• Jennifer
    2019-05-08 17:00

    Although I have not read the first in this series (Whistling Season) I felt like this book stood on its own just fine. I found it fascinating to read about Butte, still a wild west type town even after WWI. It was not clear to me even at the end that we were meant to take sides. The good guys were clearly the miners, but not necessarily their union. I thought the author did a great job presenting all the sides and the challenges using one main character who does not have all the information everyone else has. I followed him around and worried about him and was really interested to see where he ended up. I really liked the characters. I think my favorite minor (tee-hee) characters were Hoop and Griff. Morrie is entertaining and pedantic and charming, yet not infallible. I wanted to get to know Grace a little better. I was kind of surprised by the end - not shocked, but a little surprised.I'm giving this 3.5 stars because while I enjoyed it and would recommend it, I wasn't totally enthralled. I will go back and read Whistling Season for sure.

  • Cornmaven
    2019-04-26 15:55

    Another fine piece of writing from Doig, featuring Morrie Morgan, one of the unforgettable characters from The Whistling Season.Doig gives the reader another issue about choice, this time involving big business-labor relations, the environmental impacts of mining, and of all things, the 1919 Black Sox scandal. I love the way Doig writes, and this time, with Morgan as the narrator, his style is a bit more free wheeling than that of Paul Milliron. Morgan is a great character, and I enjoyed every bit of the story. But most all, my heart sang that Doig set much of the tale within a library, and acknowledged his debt to many librarians at the end.Doig seems to never forget to include literary references, and Work Song has plenty!

  • Kathleen Payne
    2019-05-14 14:03

    I have visited Butte, Montana on a car trip a few years ago. In looking around the town and stopping at few stores, I got the clear impression that this is a town that is proud of it's heritage. Very proud! Then I read Ivan Doig's book "Work Song" and it takes place in Butte Montana during the 1920's and the hey-dey of copper mining with Anaconda Copper Mining Company. The main character showed up from his previous book, "The Whistling Season", and I was just delighted to follow Morrie Morgan's next adventure in life. It was an enchanting tale, woven in with the history of the miner's strife and strikes. When I shut the book after the last page, I immediately thought "what comes next?" Yes - "Secret Thunder"! It's on order and coming in the mail this week!

  • Steven Howes
    2019-05-19 16:07

    This book starts off a bit slower than some of the author's earlier works but it turns out to be a wonderful story. It is a sequel to The Whistling Season, one of my favorite books. The story takes place in Butte, Montana in 1919 amid labor strife between miners and the Anaconda Company. Throw in a cantankerous old librarian with a dubious past and the IWW (Wobblies) and the results are a great book. Although this book stands alone, I would recommend reading The Whistling Season first so one can get a true picture of the main character, Morris Morgan.

  • Jenny Stringham
    2019-05-18 18:17

    It was fun to read a book narrated by a favorite character in the first book of the series. Ivan Doig's books make for a great read. I also enjoyed reading the history of Butte, Montana entwined through out.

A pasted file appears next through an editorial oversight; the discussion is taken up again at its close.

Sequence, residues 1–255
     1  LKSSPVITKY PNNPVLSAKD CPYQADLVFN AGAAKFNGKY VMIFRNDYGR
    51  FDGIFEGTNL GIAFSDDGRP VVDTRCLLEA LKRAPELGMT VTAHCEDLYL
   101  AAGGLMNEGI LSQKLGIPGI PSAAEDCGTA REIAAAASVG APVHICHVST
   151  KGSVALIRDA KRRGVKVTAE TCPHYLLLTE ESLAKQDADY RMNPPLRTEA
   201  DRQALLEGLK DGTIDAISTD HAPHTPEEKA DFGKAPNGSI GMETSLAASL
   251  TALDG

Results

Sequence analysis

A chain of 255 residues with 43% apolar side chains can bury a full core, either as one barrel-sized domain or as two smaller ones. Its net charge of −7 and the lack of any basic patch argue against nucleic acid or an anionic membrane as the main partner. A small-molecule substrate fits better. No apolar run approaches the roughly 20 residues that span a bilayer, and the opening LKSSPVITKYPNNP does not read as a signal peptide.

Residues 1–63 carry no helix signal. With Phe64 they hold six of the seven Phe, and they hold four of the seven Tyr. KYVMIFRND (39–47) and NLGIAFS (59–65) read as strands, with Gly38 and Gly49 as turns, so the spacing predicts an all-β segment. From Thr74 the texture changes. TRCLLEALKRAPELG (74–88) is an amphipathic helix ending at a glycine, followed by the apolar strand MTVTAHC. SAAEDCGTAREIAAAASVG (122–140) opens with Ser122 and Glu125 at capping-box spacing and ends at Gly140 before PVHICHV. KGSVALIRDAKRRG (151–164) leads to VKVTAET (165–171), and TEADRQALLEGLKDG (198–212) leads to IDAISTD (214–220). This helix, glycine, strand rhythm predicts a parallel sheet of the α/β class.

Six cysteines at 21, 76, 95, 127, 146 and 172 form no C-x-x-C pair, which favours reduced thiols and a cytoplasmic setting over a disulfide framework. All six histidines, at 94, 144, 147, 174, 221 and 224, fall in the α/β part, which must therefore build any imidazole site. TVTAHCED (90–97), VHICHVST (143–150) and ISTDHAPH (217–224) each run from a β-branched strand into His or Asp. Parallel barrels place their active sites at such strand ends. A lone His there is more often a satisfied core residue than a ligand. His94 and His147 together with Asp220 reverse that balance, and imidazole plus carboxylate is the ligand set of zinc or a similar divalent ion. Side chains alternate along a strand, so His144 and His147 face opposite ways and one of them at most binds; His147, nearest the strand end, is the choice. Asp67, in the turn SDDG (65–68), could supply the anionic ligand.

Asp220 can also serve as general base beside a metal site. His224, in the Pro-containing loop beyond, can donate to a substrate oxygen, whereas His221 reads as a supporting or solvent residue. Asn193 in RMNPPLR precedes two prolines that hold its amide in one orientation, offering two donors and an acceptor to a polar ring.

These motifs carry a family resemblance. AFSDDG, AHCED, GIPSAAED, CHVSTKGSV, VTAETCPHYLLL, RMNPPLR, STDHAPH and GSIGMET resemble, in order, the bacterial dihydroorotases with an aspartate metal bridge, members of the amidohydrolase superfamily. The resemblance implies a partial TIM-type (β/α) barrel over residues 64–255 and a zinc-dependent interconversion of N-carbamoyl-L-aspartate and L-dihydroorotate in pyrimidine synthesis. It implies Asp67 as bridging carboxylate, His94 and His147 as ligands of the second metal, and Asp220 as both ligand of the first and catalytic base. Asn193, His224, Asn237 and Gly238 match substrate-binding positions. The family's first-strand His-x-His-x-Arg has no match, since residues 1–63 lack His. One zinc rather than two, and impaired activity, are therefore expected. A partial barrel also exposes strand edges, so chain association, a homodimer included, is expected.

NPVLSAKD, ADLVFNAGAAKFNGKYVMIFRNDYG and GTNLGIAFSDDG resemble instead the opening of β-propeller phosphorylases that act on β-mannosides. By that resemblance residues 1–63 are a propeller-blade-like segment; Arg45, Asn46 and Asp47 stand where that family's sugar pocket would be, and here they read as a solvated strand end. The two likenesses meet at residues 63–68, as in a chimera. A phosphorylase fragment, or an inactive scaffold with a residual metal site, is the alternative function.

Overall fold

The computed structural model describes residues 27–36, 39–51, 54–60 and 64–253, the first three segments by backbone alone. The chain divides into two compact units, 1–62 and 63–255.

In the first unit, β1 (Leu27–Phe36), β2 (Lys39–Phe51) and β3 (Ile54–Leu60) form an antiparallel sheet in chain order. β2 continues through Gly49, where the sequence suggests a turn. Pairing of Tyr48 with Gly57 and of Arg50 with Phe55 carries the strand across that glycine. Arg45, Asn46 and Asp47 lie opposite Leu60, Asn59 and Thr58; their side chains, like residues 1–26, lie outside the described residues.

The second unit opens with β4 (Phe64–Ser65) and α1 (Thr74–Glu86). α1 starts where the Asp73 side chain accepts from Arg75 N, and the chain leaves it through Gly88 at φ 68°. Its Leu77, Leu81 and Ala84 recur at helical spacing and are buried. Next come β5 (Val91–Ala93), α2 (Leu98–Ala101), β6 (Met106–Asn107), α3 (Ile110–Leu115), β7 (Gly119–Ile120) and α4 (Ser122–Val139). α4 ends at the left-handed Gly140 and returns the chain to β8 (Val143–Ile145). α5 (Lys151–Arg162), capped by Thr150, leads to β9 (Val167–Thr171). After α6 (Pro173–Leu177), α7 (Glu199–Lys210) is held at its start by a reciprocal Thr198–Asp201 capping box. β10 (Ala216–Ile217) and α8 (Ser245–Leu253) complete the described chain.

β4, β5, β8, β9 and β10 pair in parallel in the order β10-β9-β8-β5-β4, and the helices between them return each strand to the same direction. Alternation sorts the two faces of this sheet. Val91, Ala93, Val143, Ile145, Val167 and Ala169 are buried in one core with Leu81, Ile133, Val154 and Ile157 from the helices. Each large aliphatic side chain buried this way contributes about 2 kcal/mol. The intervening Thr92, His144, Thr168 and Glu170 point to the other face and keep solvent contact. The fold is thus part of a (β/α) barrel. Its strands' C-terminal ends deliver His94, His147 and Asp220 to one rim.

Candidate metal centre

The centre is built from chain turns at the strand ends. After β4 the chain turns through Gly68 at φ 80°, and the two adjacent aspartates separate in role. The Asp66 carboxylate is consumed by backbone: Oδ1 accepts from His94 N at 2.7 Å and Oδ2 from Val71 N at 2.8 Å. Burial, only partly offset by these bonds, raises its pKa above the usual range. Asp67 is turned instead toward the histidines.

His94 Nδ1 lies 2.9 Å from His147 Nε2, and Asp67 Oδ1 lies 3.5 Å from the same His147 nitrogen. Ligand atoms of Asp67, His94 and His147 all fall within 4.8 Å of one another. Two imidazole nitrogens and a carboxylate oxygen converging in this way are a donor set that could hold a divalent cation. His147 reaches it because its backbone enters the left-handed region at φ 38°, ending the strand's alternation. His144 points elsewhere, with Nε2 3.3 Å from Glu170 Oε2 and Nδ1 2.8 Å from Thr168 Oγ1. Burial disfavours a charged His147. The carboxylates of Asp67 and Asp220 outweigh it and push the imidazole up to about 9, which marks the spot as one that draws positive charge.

• Schuyler Wallace
    2019-05-21 17:58

    To say that Ivan Doig was a great “Western” writer, as is often done, seems a slight to me. He was, in fact, a great writer who lived and wrote in the West but he was much more. His work is literary genius regardless of the genre and if there’s doubt, read “Work Song.”Doig tells us of an itinerate man arriving in Butte, Montana, needing a job. Morrie Morgan has no money, his belongings are lost, and he has nothing but his initiative to exist on. First he finds work at a mortuary as “crier” at the numerous wakes that are held in a town known for the number of people who die there. Then he goes to work at a library under the directions of an eccentric bibliophile who stocks the library shelves with his own collection of valuable old books.But wait, that’s only part of the story. Butte is the copper mining capital of the world and, in 1919, the world of mining featured greedy owners, ferocious labor organizers, and beat down miners who exhibited their pluck with determination, neither buying the guile of the men in the copper towers, nor accepting the equally disingenuous bluster of the labor goons. Morgan falls into the camp of the miners, trying to help find a justice that will smooth their hardscrabble lives.Doig, who died in 2015, espoused the belief that quality writers can not only ground their work in a specific area and language, but can, at the same time, write about life. That’s why his sixteen books all resonate with everyday happenings in the West where he lived, while depicting the broader picture of life in general with such clarity. Using Morris as his narrator to bridge the gap between an unbending mining company, outside agitators, and victimized miners is a brilliant act of characterization that reflects his conviction.Characterization is the strong point of the novel, although Doig didn’t overload the reader with a cast of thousands. He certainly had them available but, instead, we meet a couple of retired plucky miners, a skinny waif, a pair of company goons, an attractive landlady, the peculiar boss at a remarkable library, and a former student who is now a sage union leader. These few brilliantly depicted characters were all Doig needed to get his story told. He never even brought a company executive from the copper tower for us to meet. Doig will be missed but his work lives on. Just pick any book he has written and settle in for an insightful and enjoyable read. His legacy will exist because of his formable talent and skill as a marvelous storyteller.